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 (blăk′mən), Harry Andrew 1908-1999.
American jurist who was an associate justice of the US Supreme Court (1970-1994).


(ˈblæk mən)

Harry A(ndrew), 1908–99, U.S. jurist: associate justice of the U.S. Supreme Court 1970–94.
References in periodicals archive ?
Wade, Supreme Court Justice Harry Blackmun, writing for the majority, cited favourably--eight times--a book by Lawrence Lader entitled Abortion.
But by 1971 President Nixon had appointed a new chief justice, Warren Burger (played in the film by Frank Langella), and his "Minnesota twin," Harry Blackmun (Ed Begley Jr.
14, 1987) (on file with the Harry Blackmun Papers, Library of Congress)
Justice Harry Blackmun followed in Justice Powell's footsteps in 1994, when he likewise concluded that the death penalty should be abolished.
Justice Harry Blackmun apparently considered this an open question.
In 1992, Souter sided with a majority that included Justices Sandra Day O'Connor, Anthony Kennedy, John Paul Stevens and Harry Blackmun to not allow states to ban abortion and to preserve the landmark Roe vs.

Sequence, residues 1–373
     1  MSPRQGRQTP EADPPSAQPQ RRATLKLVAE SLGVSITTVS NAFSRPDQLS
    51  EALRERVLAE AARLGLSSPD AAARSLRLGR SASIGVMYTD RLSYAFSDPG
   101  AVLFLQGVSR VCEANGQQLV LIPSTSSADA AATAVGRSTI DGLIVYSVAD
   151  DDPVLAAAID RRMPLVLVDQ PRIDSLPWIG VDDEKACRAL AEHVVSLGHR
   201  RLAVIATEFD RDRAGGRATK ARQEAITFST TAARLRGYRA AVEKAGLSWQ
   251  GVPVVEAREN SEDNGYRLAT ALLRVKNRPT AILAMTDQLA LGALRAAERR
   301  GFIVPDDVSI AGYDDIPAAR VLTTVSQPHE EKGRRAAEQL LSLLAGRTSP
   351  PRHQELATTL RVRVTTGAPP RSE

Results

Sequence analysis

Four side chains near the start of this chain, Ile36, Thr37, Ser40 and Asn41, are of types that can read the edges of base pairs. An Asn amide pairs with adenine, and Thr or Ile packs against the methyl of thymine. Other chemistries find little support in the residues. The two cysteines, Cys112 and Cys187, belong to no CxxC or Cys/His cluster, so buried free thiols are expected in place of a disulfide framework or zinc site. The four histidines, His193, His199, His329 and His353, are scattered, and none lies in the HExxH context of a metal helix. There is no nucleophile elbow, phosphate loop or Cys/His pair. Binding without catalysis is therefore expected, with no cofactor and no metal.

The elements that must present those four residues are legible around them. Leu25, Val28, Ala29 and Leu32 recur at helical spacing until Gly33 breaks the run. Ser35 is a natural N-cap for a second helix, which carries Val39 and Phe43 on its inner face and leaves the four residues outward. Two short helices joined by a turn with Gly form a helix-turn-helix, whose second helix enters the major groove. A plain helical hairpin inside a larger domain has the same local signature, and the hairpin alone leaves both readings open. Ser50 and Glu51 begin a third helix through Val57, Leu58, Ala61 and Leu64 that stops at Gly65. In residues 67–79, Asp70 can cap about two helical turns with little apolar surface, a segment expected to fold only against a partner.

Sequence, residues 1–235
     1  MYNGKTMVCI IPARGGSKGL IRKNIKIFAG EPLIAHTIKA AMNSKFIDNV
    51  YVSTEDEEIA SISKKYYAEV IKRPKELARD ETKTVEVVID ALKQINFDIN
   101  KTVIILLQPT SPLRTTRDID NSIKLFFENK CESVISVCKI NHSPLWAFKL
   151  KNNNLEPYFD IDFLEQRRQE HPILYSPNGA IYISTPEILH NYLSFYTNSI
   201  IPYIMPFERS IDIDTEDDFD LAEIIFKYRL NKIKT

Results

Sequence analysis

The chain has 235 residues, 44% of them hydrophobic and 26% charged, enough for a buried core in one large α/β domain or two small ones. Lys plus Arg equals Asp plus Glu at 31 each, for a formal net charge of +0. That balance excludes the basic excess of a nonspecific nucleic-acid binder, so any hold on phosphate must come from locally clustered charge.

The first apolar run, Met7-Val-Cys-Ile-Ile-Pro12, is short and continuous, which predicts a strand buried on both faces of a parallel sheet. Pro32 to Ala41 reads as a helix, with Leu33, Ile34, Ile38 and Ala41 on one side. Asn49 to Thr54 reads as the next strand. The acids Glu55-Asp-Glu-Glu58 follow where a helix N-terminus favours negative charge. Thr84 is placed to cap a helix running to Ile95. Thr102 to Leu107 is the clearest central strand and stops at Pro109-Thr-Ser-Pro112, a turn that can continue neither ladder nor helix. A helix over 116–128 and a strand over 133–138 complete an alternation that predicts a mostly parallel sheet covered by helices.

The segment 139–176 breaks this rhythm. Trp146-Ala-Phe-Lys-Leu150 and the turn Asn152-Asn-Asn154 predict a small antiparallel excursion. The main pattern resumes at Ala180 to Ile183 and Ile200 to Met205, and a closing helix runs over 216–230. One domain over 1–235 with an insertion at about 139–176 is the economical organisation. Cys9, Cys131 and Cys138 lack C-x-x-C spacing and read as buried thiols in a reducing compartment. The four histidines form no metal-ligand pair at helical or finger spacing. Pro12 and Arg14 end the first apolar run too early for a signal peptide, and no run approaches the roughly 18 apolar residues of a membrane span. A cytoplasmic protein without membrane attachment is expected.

Ruger, "Justice Harry Blackmun and the Phenomenon of Judicial Preference Change," Missouri Law Review 70 (Fall 2005): 1209-30; Daniel A.
Justice Harry Blackmun, writing for the majority, said a woman's decision to end a pregnancy was protected by privacy rights.
In Roe, Justice Harry Blackmun showed sympathy for the plight of women but also a profound paternalistic disrespect for the very people he was trying to help.
An additional editorial run-through would have eliminated many typographical errors and would have caught mistakes like the attribution of a question in a 2000 oral argument to Justice Harry Blackmun, who retired in 1994 and died in 1999.
For example, in reference to the "contrariety of tax and financial accounting," King reminds us that Supreme Court Justice Harry Blackmun, best known for writing the Roe v.
One of the first breakthroughs came in 1994 when Supreme Court Justice Harry Blackmun, who had supported the death penalty throughout his career on the bench, came to the conclusion that he could no longer support death penalty laws.